Crystal Ball 2019 Michigan Economic Outlook: Forecasts show continued but slower growth as Michigan nears record period of expansionWritten by Mark Sanchez
Michigan’s economy will see slower economic and employment growth in 2019 amid the ongoing tight labor market and less U.S. economic growth, economists say.
Crystal Ball 2019 Michigan Policy Outlook: Amid new political dynamic, business groups focus on talent, road fundingWritten by Andy Balaskovitz
Michigan business groups say a transition of executive power from a Republican to a Democrat brings policy uncertainty, but they expect a continued focus from Gov.-elect Gretchen Whitmer on at least two topics: road funding and talent.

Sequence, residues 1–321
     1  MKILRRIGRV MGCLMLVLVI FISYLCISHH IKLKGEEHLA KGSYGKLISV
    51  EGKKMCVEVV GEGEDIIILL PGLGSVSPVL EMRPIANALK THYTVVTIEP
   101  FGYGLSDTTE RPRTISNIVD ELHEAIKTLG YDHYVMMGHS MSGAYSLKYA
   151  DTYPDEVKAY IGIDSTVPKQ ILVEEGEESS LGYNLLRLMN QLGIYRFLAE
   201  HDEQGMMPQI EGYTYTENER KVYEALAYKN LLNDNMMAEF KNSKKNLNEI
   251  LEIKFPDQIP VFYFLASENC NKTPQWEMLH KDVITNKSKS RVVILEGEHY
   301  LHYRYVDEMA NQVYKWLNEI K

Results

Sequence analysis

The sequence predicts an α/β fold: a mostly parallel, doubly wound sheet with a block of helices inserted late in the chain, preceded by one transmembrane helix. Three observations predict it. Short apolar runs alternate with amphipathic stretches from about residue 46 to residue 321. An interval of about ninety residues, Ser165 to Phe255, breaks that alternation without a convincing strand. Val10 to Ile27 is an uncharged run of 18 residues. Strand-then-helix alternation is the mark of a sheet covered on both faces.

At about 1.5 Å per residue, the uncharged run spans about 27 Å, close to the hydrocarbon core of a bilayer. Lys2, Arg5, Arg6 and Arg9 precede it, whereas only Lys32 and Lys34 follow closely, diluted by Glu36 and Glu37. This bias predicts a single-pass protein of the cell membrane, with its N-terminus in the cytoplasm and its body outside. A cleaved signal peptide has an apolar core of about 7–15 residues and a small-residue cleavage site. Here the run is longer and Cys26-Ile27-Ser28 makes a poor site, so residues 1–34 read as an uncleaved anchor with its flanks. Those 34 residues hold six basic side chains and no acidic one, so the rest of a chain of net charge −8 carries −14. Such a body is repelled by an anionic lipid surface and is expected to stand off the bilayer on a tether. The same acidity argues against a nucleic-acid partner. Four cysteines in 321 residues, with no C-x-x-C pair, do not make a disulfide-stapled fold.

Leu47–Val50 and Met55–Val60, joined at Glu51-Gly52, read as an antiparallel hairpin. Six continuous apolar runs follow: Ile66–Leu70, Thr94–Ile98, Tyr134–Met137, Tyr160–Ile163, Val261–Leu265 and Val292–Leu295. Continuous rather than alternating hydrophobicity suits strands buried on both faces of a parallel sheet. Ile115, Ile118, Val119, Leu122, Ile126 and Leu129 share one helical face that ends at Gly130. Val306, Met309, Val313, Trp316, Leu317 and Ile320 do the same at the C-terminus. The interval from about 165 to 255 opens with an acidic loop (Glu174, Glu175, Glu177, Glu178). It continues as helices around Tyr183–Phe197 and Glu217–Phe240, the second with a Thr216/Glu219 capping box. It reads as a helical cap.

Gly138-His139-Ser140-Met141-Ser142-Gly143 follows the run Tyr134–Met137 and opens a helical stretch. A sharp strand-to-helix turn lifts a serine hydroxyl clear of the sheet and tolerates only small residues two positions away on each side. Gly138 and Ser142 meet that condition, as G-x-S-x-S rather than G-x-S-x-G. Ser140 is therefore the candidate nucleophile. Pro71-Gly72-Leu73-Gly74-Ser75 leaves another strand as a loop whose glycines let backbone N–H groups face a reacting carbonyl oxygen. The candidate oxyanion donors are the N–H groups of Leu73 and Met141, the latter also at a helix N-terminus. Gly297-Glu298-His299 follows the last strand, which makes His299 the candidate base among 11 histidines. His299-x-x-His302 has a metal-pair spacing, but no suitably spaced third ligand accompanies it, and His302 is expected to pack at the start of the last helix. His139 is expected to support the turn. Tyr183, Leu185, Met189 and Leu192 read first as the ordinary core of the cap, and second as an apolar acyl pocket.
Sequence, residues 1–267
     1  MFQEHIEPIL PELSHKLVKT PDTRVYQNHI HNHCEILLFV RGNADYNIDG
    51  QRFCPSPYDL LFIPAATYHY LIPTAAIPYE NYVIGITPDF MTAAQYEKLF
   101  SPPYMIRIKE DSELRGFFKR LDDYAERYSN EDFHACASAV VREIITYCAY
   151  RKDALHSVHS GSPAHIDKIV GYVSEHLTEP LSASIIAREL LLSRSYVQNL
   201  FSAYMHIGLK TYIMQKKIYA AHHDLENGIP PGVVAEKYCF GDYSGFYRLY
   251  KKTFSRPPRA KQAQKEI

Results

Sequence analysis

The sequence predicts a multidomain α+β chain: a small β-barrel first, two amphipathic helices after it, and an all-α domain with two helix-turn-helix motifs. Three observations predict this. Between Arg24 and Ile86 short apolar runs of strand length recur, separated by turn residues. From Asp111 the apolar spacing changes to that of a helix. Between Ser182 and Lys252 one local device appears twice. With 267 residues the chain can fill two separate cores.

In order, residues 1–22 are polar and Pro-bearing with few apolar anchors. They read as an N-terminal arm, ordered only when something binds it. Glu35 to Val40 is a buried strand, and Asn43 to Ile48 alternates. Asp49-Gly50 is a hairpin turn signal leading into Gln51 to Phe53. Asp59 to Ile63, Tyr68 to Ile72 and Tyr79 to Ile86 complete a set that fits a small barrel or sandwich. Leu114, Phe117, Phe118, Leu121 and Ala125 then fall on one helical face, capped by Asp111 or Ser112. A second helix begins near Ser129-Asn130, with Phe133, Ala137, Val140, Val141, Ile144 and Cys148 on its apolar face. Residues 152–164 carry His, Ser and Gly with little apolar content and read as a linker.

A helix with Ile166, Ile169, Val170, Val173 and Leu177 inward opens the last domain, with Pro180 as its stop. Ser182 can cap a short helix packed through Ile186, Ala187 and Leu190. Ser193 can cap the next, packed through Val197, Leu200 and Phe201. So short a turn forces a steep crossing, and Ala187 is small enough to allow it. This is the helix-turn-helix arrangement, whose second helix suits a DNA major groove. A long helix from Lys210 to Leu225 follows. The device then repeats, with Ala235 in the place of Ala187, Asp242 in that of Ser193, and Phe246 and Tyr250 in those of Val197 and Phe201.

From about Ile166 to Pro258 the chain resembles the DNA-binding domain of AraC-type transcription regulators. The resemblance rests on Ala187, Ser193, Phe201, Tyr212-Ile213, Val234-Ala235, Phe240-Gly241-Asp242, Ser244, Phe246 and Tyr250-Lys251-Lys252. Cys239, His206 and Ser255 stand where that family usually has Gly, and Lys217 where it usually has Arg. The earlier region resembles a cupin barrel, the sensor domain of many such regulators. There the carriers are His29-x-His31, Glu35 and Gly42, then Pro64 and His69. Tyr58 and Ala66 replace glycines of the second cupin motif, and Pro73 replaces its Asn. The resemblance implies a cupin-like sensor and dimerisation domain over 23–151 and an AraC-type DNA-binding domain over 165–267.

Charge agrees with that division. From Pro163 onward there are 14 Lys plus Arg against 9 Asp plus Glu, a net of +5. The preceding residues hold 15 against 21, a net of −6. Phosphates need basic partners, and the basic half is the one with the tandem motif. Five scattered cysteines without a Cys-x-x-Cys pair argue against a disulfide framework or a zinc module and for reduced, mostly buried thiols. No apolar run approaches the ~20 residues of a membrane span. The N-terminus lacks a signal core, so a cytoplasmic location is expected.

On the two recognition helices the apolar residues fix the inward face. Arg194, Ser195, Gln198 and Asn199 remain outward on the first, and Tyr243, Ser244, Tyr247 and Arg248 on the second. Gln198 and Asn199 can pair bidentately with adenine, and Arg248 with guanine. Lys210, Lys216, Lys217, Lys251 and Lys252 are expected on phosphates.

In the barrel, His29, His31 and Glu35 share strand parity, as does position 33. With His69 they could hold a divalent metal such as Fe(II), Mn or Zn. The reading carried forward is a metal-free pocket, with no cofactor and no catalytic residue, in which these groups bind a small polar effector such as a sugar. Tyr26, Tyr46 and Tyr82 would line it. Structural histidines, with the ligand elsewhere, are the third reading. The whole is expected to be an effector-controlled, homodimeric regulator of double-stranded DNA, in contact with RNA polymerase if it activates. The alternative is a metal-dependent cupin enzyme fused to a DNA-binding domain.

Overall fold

Crystal Ball 2019 Economic Outlook: National economy enters late states of expansion, economists sayWritten by Mark Sanchez
Robert Dye views 2019 as a “transitional year” for the U.S. economy as a trio of forces align to moderate growth during the year.
Change is inevitable in government and in business. Just ask The Right Place President and CEO Birgit Klohs, who next year will have worked in economic development during the terms of five different Michigan governors. Still, with all the uncertainty surrounding international trade and politics, now is not the time to wreak havoc on the state’s economic development policies, she said.
Multiple initiatives and projects in Ottawa County next year will focus on retention and attraction of people to the area, according to County Administrator Al Vanderberg. With the lowest unemployment rate in Michigan (2.5 percent in December), the talent shortage is affecting companies on the lakeshore. Most projects Vanderberg is watching have some tie to the future prosperity of the county.